Democrats see any tax cut as “costing” the government. The media usually obliges by reporting such tax cuts in terms of how much the federal government will lose as if it was their money to begin with. There is a fundamental disconnect with such people when confronted with the idea that tax revenues are the confiscated earnings and yield of hard work of millions of their fellow citizens. They see it as magic money, appearing from thin air or at least the Mint’s thick printing presses. Watch any nightly news broadcast or Democrats debating on C-Span with this in mind and you will be awe struck by how much this belief is almost religious in the nature of the Left.

Of course, Democrats weren’t voted in because the majority of Americans thought we weren’t being taxed enough. That is what we got, though. A bevy of corrupt Republicans who were showcased to the tune of a hundred fold over their equally corrupt Democrat brethren were cited by most polls as the primary reason voters turned to the Left’s offerings. Naturally, most of these Democrats had to run so far right of center, they’ll have no choice but to be hypocrites when Pelosi and Reid come calling. When the tax bills come, they’ll be faced with every freshman Congressman’s moral dilemma of following their conscience or their party. You’ll forgive me if I’m a bit pessimistic in assuming they’ll fold on their ideals like a bad hand at a riverboat poker match.

The “Pay as you go” or “pay it forward” or “Citizens pay because we play” system or whatever the Democrats are trying to sell it now as is equally worthless. While interesting in principle, it has no basis in reality. A system that supposedly requires you match every tax cut with a spending cut is novel. However, since neither party has show any interest in cutting any program ever (except the military), there will never be a situation in which they can or will have the desire to cut spending. Hence, I foresee this as a fool’s errand. It’s merely a way to ensure that there is never again such an abhorrent thing to the Democrats as another tax cut. Lucky us.

Until true fiscal conservatives are restored to Washington, if ever that indeed there ever were such animals in the swamp, we can expect this situation to worsen and worsen quickly. A Will Rogers quote was recently published in The Federalist (07-03 Chronicle). “Alexander Hamilton started the U.S. Treasury with nothing, and that was the closest our country has ever been to being even.” When faced with that legacy, how on earth do we ever expect to catch back up?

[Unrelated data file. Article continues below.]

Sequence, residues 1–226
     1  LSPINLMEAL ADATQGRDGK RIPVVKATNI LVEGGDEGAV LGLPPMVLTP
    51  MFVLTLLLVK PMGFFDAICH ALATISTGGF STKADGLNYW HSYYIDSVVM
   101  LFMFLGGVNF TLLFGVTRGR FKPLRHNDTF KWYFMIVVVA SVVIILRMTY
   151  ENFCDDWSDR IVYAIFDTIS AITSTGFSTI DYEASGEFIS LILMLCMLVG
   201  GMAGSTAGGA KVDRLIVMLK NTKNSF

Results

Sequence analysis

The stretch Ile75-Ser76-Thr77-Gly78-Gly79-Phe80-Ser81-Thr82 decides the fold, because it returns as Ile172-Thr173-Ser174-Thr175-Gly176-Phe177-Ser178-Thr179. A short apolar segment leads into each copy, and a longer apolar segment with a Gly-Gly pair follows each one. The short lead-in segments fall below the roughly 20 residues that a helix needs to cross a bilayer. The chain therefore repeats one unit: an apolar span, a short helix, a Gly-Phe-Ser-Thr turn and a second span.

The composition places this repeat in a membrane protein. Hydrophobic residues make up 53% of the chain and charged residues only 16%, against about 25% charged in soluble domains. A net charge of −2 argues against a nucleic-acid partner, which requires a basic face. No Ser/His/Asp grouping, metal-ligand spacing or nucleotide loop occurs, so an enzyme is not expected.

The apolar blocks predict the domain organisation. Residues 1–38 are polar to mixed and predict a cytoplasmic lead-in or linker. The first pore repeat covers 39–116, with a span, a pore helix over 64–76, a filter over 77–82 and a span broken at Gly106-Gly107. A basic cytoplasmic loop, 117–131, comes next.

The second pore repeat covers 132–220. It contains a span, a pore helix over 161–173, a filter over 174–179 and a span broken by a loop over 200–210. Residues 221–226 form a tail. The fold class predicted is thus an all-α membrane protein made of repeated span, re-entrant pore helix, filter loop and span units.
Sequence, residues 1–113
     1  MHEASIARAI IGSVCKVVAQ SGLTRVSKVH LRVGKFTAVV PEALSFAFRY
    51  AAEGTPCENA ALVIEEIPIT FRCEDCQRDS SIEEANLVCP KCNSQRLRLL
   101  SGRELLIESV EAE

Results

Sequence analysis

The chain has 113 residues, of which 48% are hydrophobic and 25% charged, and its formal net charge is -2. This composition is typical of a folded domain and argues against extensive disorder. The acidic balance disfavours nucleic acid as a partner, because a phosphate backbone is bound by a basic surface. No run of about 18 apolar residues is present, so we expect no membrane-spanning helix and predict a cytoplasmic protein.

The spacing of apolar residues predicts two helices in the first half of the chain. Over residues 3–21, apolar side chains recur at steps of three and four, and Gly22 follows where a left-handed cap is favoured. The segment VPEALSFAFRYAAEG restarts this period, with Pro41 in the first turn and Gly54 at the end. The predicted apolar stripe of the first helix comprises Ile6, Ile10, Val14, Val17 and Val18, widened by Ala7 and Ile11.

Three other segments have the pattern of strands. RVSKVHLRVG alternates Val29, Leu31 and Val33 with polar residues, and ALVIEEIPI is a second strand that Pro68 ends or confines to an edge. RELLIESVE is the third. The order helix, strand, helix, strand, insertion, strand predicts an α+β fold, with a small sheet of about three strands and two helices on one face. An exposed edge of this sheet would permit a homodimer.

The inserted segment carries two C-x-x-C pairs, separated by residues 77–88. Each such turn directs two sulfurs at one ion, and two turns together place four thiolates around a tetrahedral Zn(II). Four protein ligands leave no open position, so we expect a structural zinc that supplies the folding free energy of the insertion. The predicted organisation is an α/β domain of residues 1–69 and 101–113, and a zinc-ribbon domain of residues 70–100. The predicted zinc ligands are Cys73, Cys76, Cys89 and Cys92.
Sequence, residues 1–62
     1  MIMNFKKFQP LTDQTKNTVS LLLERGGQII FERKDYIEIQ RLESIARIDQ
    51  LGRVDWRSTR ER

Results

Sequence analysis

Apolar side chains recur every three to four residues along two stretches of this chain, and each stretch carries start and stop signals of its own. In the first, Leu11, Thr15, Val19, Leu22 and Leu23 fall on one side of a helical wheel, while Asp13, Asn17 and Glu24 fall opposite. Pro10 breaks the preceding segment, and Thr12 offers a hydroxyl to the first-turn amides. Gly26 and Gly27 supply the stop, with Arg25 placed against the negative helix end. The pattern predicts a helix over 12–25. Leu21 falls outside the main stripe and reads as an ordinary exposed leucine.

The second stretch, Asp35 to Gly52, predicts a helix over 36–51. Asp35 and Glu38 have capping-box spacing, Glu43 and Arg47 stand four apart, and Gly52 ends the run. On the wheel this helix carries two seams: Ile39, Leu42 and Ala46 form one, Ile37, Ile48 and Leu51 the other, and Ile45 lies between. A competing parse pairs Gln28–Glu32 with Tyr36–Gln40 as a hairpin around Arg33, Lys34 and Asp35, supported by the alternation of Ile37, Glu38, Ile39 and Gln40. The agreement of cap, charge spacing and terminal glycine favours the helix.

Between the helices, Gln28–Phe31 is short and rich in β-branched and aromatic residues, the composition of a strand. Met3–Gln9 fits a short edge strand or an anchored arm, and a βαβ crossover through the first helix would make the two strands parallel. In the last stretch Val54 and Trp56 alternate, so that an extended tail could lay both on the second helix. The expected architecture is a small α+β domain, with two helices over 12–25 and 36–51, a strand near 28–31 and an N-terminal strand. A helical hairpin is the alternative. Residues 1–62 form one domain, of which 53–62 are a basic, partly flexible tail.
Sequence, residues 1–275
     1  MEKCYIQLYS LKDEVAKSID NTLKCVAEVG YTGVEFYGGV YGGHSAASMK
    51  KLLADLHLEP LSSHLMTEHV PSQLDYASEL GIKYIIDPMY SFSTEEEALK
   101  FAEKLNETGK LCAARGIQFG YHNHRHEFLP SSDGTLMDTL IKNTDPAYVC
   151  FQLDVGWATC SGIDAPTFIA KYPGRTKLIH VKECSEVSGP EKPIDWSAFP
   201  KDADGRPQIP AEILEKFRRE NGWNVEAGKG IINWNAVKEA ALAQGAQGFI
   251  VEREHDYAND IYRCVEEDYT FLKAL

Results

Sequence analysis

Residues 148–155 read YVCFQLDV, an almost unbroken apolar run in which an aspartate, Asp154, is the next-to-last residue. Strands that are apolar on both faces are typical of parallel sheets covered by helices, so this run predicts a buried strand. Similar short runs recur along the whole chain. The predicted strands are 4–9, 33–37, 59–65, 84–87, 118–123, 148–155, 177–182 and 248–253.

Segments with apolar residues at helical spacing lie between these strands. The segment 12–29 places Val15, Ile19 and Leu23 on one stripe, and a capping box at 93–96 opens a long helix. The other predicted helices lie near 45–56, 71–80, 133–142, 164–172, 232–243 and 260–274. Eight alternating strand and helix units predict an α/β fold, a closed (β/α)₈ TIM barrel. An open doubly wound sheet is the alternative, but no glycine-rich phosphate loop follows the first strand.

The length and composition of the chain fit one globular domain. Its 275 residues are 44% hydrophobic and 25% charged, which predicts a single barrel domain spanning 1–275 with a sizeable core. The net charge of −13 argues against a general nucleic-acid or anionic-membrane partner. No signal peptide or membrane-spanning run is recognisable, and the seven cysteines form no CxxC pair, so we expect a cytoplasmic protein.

Monday, January 15, 2007

Peace In Our Time...Again?

It seems a mathematical certainty that intellectuals on the Left not only don't pay attention to the lessons of history, they seek to actively flaunt them at every turn. So goes Robert Rotberg's editorial in the Boston Globe yesterday. He initiates his piece with a bevy of choices for U.S. policy makers.

Only by accepting Iranian hegemonic pretensions, odious as they are, can the United States extricate itself somewhat honorably from Iraq.

I scarcely know where to start, there are so many options. This op-ed could just as easily have been written by Neville Chamberlain with Germany substituted for Iran. It is no secret that the Persians have wanted to regain political, economic and military dominance in the Gulf. They've been smarting over that ever since the armies of Mohammed rolled over them and forced them to convert to Islam. Arabs have dominated the region ever since. You can imagine what a blow to cultural pride all this has been. The Persians were masters of the region in one form or another for thousands of years before the arrival of Mohammed. To be in the subordinate position for so long has to have been distasteful.

This historical need, combined with the modern fusing of radical Islam with traditional Marxism by Khomeini back in the 70's has created a dangerous force in the region and one of the principle sponsors of world terror against the West. This doesn't stop Rotberg from wanting to cozy up with them, though.

If Iran, accused of funding and fomenting the Shi'ite militias, could dampen its enthusiasm for mayhem, so Saudi Arabia and the other Sunni powers could be prevailed upon to assist in reducing the Iraqi Sunni militancy. Any reduction in sectarian clashes should enable US and Iraqi forces to focus on the less dangerous Al Qaeda-related insurgency that now runs beneath the growing sectarian violence. Then we could slowly reduce US troop levels and leave. No "surge" would be required or desirable.

How this 'convincing' of Iran to do these things would be orchestrated, Rotberg obviously has no idea. You have a government in Iran that advocates the destruction of Israel and the United States. Is that what Rotberg is proposing to get Iran to come from the table? This is no run of the mill political pundit, by the way. This is the director of Program on Intrastate Conflict at the Kennedy School of Government. His leftist credentials (president of the World Peace Foundation) get mentioned also, but I mention his scholarly credentials for one reason. This is the prototypical example of a Leftist college professor in a position of extreme authority using that position to further his agenda, that we should treat with tyrants so that we may have some imagined peace.

How we do it is not his problem. Cookies and milk or the annhilation of entire nations may be required, but if it humiliates the U.S. and props up a world nightmare, then so be it! At least the ivory tower will have been listened to and thus we will all lead happier lives. I wonder if he has a book deal coming up.

No matter. The amusing thing about this editorial is that it shows a distilled version of the American Left in their natural habitat, that of assuming that the United States is the problem with the rest of the world, and that if we just would flagellate and humble ourselves before the world, the rest of the planet would play nice and live in peace and harmony.

It ignores the reality that the world is a dark and nasty place where most countries would rather rip out the throats of every last citizen of their neighbor country than ever tolerate their existence. It ignores that there are dangerous men with dangerous agendas and the money and weapons to back them up, with only the thin red line of governments like the U.S. who will stand up to them and thwart those agendas. Yet people like Rotberg demonize us and lionize the oppressors of the world. This editorial in the Globe should serve as a reminder of what we strive not to become, a nation of quislings, like Mr. Rotberg and his ilk would have us be.